These are six things women want from new Prime Minister Theresa May

 
Geeta Sidhu-Robb
TOPSHOT-BRITAIN-EU-POLITICS
A six-point wishlist for Prime Minister May (Source: Getty)

Theresa May's appointment as prime minister last week marked a crucial moment in history for women throughout the UK.

Taking her rightful place as the second female PM, May will by default become a significant role model for women facing the struggle for gender parity.

In light of her new role, women in business nationwide have been voicing their opinions on what should come next in order to achieve equality between the sexes.

These six items should be among her top priorities:

1. Mind the gap

No matter how much we like to think men and women are equal in today’s world, the gender pay gap still exists, and the problem remains widespread. Now standing at 19.7 per cent, it means workplaces have a lot of work to do to bridge the inequality gap.

May referred to the gender pay gap in her leadership speech, and promised to pursue a fairer society – we all look forward to seeing her efforts unfold.

2. Women: All aboard

In the UK, there are more people in FTSE boardrooms called John or David than there are women. Firm action should be taken to ensure this does not continue.

There is an abundance of skilled and educated women in the UK, and many are being overlooked by employers due to poor judgement.

Read more: The most influential women in the City

As of 2016, only 21 per cent of senior management roles were held by women – May, as a woman in power herself, is now in the position to meet the targets set for 2020, and ensure one third of boardroom seats are filled by women.

3. Say turrah to tampon tax

Luxury items are just that – luxury.

The fact that tampons are subject to tax – as if we women have a choice on whether to menstruate or not – is truly unacceptable. EU leaders were looking to tackle this issue before the referendum, but after the fallout the issue has the potential to fall through the cracks.

Now in a position of higher power, May can utilise this debate to ensure womens' voices are heard. With only 29 per cent of parliament being women, it is no surprise that we feel we are being marginalised.

4. Reduce childcare costs, now

In the UK, the average cost of sending a child to nursery full-time is £212 per week and in some places it is more expensive than sending your child to a private primary school.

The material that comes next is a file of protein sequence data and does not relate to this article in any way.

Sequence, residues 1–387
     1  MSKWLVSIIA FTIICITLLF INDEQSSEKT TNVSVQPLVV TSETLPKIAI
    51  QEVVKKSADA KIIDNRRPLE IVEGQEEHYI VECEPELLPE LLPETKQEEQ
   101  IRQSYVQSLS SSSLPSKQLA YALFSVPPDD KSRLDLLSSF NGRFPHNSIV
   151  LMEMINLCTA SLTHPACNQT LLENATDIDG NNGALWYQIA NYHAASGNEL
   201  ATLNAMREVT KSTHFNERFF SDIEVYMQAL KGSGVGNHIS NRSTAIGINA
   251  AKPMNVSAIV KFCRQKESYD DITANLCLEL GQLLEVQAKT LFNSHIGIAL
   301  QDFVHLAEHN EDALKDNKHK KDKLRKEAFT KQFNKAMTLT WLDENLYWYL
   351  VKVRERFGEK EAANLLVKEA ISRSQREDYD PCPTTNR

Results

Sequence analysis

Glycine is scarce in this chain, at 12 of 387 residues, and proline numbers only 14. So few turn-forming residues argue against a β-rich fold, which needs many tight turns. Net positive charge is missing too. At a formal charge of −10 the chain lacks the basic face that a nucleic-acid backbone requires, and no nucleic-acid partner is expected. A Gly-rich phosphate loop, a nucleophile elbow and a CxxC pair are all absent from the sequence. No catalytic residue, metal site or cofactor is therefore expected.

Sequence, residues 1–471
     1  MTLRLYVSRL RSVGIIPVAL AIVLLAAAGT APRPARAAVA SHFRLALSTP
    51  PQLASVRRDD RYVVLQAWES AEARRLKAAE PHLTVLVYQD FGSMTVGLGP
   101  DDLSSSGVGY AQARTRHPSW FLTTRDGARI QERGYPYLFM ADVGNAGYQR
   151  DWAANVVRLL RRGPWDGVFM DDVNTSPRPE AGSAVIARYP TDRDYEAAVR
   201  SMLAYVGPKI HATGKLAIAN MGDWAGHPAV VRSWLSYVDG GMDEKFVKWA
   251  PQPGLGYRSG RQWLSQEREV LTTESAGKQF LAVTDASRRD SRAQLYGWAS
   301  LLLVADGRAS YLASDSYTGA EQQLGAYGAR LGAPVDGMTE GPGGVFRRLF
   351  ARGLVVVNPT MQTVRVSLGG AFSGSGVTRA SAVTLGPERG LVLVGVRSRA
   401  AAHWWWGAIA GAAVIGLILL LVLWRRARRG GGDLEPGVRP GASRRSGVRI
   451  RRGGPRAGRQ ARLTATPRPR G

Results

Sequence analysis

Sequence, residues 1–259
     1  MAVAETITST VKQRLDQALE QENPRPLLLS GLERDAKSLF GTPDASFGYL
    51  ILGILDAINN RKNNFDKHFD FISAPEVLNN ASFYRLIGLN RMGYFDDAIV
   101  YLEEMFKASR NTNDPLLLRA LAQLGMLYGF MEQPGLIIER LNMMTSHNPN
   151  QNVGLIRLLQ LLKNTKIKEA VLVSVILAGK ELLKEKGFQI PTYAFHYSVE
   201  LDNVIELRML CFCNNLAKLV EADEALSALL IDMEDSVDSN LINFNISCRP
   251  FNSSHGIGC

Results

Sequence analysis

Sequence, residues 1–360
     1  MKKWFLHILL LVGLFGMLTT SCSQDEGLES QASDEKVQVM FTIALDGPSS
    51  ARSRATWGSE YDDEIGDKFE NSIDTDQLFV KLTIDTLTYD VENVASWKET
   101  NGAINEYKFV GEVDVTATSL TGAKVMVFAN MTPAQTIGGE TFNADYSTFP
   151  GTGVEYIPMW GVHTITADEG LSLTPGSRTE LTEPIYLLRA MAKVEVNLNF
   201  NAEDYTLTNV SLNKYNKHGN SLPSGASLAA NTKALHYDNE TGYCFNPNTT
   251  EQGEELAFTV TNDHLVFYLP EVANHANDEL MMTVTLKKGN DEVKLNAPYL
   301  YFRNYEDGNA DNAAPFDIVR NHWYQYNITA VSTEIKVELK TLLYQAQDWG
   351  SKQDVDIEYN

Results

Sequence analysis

As a result, there are currently 2,020,000 women and 247,000 men who are unemployed due to their need to look after the family or home. The numbers speak for themselves – reduce childcare costs and allow our women to have the careers they wish for.

Read more: Women in London work more than women in the rest of the UK

5. End violence against women

Theresa May has been particularly vocal about tackling domestic violence during her time as home secretary. In fact, earlier this year May launched an investigation into police officers who instigated inappropriate relationships with victims.

In 2014, May even announced another facet to the domestic abuse offence, named "coercive and controlling behaviour".

This was an insightful move, as domestic abuse is primarily an emotional crime and secondarily a physical one. Now we need to make it safer for victims of abuse to come forward.

6. The UK is IN for equality

Of the many beneficial regulations and processes put forward by the EU are those addressing gender equality, maternity and paternity leave and women’s economic independence.

Following the Brexit vote, women across the UK would urge Theresa May to consider all that the EU gave us, and keep it protected in domestic legislation, making sure not to scrap key laws such as the Human Rights Act (which the Tories have previously said they consider).

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